My only son was born thirty-six years ago today. He died two days later. Here, in an excerpt from my memoir, The Expat Files: My Life in Journalism, is what happened:
Sean David Becker was born at 8:47 p.m. on Sunday, May 23, 1982 at the Mid-Maine Medical Center in Waterville. He arrived a couple of weeks early, but seemed to be a healthy six-and-a-half pound boy. I called our families and friends in New York and Toronto and spread the news.
I took Monday off and spent most of it with Linda and our baby. The new mom in the next bed was fifteen years old. Her mother, the new grandma, was Linda’s age, thirty-one.
On Tuesday morning, at about six o’clock, alone in bed in the house in the woods, I got a call from Linda in the hospital.
“Is everything okay?” I asked.
“No,” she said.
“Are you okay? The baby?”
“I heard them screaming ‘Code Blue’ in the middle of the night. I didn’t know what it was. The nurses told me he wasn’t breathing.”
“Is he okay?”
“I’m not sure. They took him to Portland.”
I rushed to the hospital. Linda was getting dressed. I found out Sean had gone by ambulance to the Maine Medical Center in Portland, where he was in the only neonatal intensive care unit in the state. That’s where we found our tiny baby hooked up to machines, his eyes closed, barely moving, except for the occasional spasm.
His doctor, Douglas Dransfield, escorted us to a small, private room. He gave us the prognosis. Sean, he said, had stopped breathing the previous night in the nursery in Waterville. He had been resuscitated, but not soon enough to prevent brain damage. After arriving in Portland, he had had seizures. His vital signs were very weak.
If he lived, Dr. Dransfield said, our son’s mental capacity would be negligible. But, he said, it was unlikely our baby would survive more than a day if taken off the ventilator that was breathing for him.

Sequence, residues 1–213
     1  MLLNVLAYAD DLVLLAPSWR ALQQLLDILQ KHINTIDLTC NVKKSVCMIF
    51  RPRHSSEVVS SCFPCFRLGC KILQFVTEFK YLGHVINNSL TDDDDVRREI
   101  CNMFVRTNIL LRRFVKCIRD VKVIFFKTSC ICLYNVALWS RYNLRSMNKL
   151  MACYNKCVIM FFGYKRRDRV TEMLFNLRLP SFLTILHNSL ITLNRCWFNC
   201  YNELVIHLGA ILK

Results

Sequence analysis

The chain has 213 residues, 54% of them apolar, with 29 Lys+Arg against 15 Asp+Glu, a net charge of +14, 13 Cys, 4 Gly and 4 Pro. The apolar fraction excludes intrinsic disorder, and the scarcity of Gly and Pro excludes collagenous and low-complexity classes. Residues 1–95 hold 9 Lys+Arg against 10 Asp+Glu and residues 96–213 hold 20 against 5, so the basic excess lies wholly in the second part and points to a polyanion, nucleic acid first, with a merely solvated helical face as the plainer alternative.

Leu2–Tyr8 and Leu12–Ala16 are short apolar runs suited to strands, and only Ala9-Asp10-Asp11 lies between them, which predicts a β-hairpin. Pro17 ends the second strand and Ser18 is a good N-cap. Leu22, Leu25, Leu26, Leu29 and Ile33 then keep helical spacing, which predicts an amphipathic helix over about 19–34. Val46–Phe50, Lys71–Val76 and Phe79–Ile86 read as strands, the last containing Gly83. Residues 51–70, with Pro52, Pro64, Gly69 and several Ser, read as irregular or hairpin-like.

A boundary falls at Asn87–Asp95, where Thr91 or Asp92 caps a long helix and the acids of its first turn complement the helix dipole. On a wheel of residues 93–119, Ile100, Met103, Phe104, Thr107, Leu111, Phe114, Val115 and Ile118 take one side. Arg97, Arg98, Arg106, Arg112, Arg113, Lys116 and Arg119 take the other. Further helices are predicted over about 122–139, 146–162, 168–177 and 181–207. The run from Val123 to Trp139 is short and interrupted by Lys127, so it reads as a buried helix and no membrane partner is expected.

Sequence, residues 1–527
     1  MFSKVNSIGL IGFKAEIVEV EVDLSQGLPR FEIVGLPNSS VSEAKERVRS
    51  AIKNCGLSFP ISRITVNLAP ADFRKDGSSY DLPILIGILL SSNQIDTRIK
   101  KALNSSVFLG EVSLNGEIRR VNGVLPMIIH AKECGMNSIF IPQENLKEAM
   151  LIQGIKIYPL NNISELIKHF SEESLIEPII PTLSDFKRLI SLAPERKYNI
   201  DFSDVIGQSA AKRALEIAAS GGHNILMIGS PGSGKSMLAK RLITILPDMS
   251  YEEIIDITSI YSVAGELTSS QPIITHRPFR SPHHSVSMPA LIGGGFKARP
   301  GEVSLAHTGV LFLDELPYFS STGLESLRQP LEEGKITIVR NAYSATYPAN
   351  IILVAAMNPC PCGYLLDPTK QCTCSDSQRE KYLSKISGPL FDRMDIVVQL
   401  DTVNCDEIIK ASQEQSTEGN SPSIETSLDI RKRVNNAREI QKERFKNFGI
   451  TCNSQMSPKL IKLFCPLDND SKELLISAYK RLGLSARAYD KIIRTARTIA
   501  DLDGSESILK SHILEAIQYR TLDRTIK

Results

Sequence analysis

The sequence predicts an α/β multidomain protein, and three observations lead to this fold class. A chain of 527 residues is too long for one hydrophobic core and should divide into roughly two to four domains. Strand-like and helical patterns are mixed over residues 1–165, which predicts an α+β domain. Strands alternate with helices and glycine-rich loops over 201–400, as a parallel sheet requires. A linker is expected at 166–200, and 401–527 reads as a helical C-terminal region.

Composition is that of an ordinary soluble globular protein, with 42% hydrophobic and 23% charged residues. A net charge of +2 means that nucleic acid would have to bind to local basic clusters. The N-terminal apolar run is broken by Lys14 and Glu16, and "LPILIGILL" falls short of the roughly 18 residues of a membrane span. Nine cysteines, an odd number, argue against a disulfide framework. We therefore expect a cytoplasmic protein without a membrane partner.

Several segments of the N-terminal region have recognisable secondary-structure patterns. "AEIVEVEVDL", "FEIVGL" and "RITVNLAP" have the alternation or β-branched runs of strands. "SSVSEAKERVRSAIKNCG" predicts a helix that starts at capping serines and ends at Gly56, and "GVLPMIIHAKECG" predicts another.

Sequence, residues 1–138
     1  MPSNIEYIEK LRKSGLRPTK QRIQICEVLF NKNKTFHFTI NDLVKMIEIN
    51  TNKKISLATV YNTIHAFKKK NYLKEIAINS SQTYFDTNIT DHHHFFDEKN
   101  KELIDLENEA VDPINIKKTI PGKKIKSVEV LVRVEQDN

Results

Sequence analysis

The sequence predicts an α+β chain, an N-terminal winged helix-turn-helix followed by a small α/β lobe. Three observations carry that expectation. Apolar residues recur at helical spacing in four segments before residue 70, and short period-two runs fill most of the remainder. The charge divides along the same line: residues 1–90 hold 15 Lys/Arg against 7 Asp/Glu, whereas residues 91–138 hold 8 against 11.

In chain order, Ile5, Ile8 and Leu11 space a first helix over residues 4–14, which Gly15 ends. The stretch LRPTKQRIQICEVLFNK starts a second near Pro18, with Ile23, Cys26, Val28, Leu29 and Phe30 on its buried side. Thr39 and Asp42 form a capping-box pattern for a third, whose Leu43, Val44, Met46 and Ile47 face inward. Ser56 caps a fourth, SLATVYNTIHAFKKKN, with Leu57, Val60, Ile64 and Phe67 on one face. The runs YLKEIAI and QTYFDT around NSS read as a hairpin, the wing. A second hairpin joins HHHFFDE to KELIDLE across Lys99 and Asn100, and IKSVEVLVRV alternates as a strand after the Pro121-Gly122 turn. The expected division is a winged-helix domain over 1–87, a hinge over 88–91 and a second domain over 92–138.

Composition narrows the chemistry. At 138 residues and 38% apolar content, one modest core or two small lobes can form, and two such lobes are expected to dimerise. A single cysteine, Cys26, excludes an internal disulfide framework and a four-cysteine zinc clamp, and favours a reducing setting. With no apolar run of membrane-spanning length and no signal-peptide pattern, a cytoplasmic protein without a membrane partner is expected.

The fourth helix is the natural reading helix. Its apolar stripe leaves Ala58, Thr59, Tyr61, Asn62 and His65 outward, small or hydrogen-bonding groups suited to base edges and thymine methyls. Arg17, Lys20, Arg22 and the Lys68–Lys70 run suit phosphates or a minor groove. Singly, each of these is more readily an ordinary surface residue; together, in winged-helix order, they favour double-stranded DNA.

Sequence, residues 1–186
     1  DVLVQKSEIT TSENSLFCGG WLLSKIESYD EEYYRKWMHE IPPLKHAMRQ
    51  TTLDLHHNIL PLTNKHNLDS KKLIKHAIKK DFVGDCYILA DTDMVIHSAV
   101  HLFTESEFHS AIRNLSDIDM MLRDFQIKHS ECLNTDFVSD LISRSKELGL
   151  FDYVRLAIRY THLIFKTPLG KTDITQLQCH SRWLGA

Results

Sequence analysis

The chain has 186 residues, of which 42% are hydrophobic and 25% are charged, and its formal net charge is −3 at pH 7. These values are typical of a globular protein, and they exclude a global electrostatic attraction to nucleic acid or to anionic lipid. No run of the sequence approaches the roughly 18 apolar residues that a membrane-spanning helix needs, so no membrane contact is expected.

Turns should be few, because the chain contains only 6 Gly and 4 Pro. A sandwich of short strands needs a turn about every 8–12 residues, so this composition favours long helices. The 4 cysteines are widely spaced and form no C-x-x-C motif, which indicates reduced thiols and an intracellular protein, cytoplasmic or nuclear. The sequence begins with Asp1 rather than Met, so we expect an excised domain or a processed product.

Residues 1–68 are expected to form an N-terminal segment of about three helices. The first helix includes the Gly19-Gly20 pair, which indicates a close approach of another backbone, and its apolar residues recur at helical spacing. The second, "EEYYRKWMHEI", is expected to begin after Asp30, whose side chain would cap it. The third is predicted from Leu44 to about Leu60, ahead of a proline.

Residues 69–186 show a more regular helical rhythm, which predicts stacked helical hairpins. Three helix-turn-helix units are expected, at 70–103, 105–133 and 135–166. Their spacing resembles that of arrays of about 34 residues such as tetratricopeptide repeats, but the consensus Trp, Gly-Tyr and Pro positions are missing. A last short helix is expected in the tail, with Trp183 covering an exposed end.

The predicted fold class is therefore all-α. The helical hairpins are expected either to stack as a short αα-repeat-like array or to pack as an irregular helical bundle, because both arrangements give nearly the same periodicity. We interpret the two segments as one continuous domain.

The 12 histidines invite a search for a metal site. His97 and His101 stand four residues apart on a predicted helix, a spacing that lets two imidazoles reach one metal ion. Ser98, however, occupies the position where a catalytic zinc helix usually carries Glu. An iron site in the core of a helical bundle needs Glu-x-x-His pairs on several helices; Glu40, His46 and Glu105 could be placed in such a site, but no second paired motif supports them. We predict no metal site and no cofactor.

“Does that mean he’s basically brain dead?” I asked.
“Yes,” the doctor replied. He said it was our call.
Linda, who had given birth fewer than forty hours earlier, sat in a chair and cried. I held her and asked the doctor to give us some time to talk. We didn’t have much to say. We knew what we would do. We told the doctor we wanted Sean taken off the ventilator. He suggested we find a hotel and someone would call us when the time was near.
“It could be hours,” Dr. Dransfield said. “It could be days.”
We checked into the Hilton. I called my parents in New York and Linda’s mother in Toronto and told them the situation. I didn’t phone anyone in Waterville (where I’d worked as a reporter on the Morning Sentinel for ten months).
We went to the hotel bar, had a drink, telling the front desk to route any calls for us there. We were back in our room after ten o’clock when the hospital phoned. I answered.
“We think you should get down here,” the nurse said. “Do you want us to call a priest to administer last rites?”
“No, of course not,” I said. “Why would I want my baby to have last rites?”
Linda, raised a Catholic, burst out crying.
“Yes, please call a priest,” I told the nurse.
We jumped in a taxi and went to the same small room we had been in before. It was very dark. A nurse brought Sean in and placed him in Linda’s arms. She held our baby. I held her.
Sean hardly moved, barely seemed to be breathing. The nurse came back a couple of times to check his heart and respiration. The third time, she shook her head and said, “He’s gone.”
We sat there a while, a sad little family, our baby dead. It was 11:30 p.m., Tuesday, May 25, 1982. Our son had lived fifty hours and forty-three minutes.
Linda fell back on her Catholicism, God’s will. As a nonbeliever, I had nothing to hold on to and nobody to turn to. I paced the halls of the hospital, went outside and screamed into the night.
Dr. Dransfield, who had been incredibly kind and inspired great confidence, had stayed the night with Sean. He came back to talk with us after our dead baby was taken away.
“You did the right thing,” he said.
“I know,” I said.
Linda didn’t say anything. She was weak and totally spent, going from new mom to grieving mom in two days.
I gave Dransfield permission to order an autopsy. We both wanted to know what killed Sean. We never found out, the results deemed “inconclusive.”
* * *
My thoughts about Sean are scattered throughout the book, including this passage in the final chapter:
I often think of my only son, wonder what kind of man he would have turned out to be. The only evidence of Sean’s life is a thick file stuffed with his birth certificate, hospital and post-mortem documents, correspondence with his doctors, notes and cards of condolence, a lock of his light brown hair, a footprint in faded purple ink, a photo, in black and white, of Linda holding our newborn, and a color photo of his grave.